- John Peterson needs to earn $295,707 in his next two starts to keep his PGA Tour card.
- If he fails to keep his card, he has decided to retire from golf and work in real estate.
John Peterson will compete in this week’s FedEx St. Jude Classic, his seventh PGA Tour start this season, and again at the Travelers Championship in two weeks. If he doesn’t earn enough money in those two events to keep his playing privileges, he insists that he’s done on the tour.
Even at its highest level, professional golf is a gamble compared to other pro sports. You can go 0-for-4 at the plate in a baseball game, and your paycheck still looks like you knocked a few out of the park. The beauty of golf, though, is that it’s play-for-pay. A golfer makes what he or she earns.
All of those extraneous necessities during a tournament week — from flights and hotels to coach and caddie fees — are part of the ante, as players hope to turn those expenses into big bucks in tourney earnings.
We often describe professional athletes in theoretical win-win situations as “playing with house money” or “nothing to lose.” As far as sports clichés go, these are hardly the worst of the bunch. At minimum, they paint a picture of someone who might as well go for broke and compete ruthlessly, aggressively and even carelessly, because the positives of winning far outweigh the negatives of losing.
Peterson, in his next two starts — possibly his last two starts — is a literal testament to this mantra.
I first got to know Peterson while covering the U.S. Open sectional qualifier in Springfield, Ohio, back in 2012. He was one year removed from winning the NCAA individual championship, but similarly, one year removed from being snubbed by the USGA for a spot on the prestigious Walker Cup roster.
He was trying to qualify for that organization’s crown jewel, the tournament about which “Tin Cup” character Roy McAvoy so eloquently stated:
“I mean, it’s open. Anyone’s got a shot at it. You just gotta get past a local and a sectional qualifier, and unlike Doral or Colonial or the AT&T, they can’t keep you out. They can’t ask you if you’re a garbageman or a bean-picker or a driving range pro whose check is signed by a stripper. You qualify, you’re in.”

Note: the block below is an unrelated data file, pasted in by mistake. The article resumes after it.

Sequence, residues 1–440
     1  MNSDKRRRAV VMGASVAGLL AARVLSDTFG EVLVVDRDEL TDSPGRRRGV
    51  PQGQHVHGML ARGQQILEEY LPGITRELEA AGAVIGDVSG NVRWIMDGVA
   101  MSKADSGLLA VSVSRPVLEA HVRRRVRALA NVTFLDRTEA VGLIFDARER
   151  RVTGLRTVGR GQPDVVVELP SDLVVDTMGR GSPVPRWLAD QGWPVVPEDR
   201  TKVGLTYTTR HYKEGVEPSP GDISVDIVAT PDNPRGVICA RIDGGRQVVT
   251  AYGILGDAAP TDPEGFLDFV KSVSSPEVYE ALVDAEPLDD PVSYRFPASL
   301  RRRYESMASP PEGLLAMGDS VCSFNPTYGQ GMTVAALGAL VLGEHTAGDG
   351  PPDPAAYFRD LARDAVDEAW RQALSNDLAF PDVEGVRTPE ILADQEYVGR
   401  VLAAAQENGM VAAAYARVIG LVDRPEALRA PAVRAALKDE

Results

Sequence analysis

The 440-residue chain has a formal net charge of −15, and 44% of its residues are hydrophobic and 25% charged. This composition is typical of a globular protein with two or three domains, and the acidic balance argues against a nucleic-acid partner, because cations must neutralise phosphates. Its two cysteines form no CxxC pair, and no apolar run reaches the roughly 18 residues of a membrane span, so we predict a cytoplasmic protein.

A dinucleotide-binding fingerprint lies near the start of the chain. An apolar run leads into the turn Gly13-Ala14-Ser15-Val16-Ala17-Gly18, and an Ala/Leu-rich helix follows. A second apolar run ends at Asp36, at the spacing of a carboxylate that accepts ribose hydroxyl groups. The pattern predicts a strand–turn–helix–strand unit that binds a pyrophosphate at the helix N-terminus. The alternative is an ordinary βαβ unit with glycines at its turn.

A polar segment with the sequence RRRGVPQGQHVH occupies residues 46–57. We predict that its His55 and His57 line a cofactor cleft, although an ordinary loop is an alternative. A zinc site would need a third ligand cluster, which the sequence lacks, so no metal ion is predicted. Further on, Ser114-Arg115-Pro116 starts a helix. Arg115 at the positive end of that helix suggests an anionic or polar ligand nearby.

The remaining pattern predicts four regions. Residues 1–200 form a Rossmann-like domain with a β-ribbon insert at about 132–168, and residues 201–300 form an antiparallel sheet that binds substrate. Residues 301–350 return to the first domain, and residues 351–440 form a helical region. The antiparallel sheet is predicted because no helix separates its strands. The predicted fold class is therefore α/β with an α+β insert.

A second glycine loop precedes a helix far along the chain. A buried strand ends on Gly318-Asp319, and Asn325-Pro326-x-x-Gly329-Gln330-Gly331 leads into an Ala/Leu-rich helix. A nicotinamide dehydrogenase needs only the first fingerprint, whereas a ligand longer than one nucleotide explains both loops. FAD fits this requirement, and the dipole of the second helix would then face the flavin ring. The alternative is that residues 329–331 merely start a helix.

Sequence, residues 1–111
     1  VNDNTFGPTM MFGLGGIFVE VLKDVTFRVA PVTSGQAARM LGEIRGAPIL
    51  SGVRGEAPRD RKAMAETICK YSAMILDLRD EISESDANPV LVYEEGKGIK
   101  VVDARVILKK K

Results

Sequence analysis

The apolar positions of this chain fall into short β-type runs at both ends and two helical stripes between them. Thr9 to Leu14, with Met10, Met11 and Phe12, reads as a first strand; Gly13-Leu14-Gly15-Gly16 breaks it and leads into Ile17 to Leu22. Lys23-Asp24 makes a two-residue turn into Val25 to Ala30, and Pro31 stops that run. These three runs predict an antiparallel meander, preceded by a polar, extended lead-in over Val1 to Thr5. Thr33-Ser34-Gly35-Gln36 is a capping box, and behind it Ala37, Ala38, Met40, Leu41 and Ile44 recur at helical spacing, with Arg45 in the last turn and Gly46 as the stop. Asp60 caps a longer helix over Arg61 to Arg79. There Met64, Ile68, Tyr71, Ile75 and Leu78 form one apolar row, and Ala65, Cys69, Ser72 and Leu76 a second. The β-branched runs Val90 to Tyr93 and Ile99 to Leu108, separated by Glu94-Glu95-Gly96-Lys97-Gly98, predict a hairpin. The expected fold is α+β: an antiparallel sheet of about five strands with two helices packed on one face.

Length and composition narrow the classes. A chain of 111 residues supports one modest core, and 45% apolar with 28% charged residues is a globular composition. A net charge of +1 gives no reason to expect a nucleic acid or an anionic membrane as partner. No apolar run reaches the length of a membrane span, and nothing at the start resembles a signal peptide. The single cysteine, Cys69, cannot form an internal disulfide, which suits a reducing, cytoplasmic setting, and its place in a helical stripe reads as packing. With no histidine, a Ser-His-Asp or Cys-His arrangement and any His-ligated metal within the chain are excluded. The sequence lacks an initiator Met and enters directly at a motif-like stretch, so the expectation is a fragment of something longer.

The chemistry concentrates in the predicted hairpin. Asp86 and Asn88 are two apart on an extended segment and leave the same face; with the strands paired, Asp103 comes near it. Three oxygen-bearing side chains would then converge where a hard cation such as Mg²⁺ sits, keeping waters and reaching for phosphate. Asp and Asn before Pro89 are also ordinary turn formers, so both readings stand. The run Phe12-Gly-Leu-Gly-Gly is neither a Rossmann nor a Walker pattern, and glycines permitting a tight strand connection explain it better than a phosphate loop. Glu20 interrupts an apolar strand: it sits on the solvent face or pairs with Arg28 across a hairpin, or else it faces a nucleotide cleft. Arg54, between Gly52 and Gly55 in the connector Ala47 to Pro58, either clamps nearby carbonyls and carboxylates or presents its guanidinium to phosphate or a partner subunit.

Late in the day, with only two spots available at this sectional and one already locked up, Peterson needed to par his 36th and final hole of the day. He made birdie instead.
When we spoke minutes later, he didn’t hide his feelings about the irony of earning his way into a USGA championship.
“I hope I see all of the committee members,” he said. “I’ll shake their hands, tell them I’m glad to see them. And hopefully just do as good as I can. I mean, I don’t really have anything to say to them, but I’m a pro now, and I can accept checks, so hopefully, I’ll play well enough to get one.”
Credit: Stephen Lew-USA TODAY Sports
A few weeks later, with no status on any major tour, Peterson climbed into contention at Olympic Club. He made a hole-in-one in the third round and finished the week in a share of fourth place, just two strokes behind winner Webb Simpson.
The writing was on the wall for Peterson: A future star was born.
That was only half the story, though. One week earlier, his paternal grandmother, Elizabeth, passed away after a short illness. Peterson grew up spending every Father’s Day at his grandparents’ home in Fort Worth, Texas, eating barbecue and watching the final round of the U.S. Open.
His performance that week wasn’t about foisting himself into the discussion of top young players. It was about easing the pain of his family, which was still in mourning.
Perhaps that story helps explain why Peterson is now playing with “nothing to lose” as he prepares to play in the FedEx St. Jude Classic — potentially one of his final PGA Tour events.
After a few years of injury-riddled seasons that left him with more downs than ups, Peterson and his wife welcomed their first child in October — Luke William.
Peterson always knew he didn’t want to play golf forever, but his son helped accelerate that timetable. It’s why he’s maintaining that if he doesn’t keep his PGA Tour card after two more starts remaining on his medical extension –- he needs to earn $295,707 — he’s done.
His backup plan? Staying back home in Fort Worth, taking a job with a friend’s real estate development company and spending more time with his young family.
“I’m kind of freewheeling it at this point,” he said after a first-round 6-under 65 at last month’s Wells Fargo Championship. “I know a little bit has been said about me retiring if I don’t make the necessary money for my medical starts, and that’s all true. If I don’t make it, I’m not playing golf anymore. So I’m kind of freewheeling it out here. I don’t really have a ton to lose.”
There are very few occasions when that cliché is truly applicable for a professional athlete.
Everyone has something to lose, but in Peterson’s case, he really doesn’t. If he doesn’t earn enough money to keep his PGA Tour card, he’ll be able to move on to the next phase of his life and stay home in Fort Worth with his family. And if he does, well, that’s just another decision he’ll have to make.
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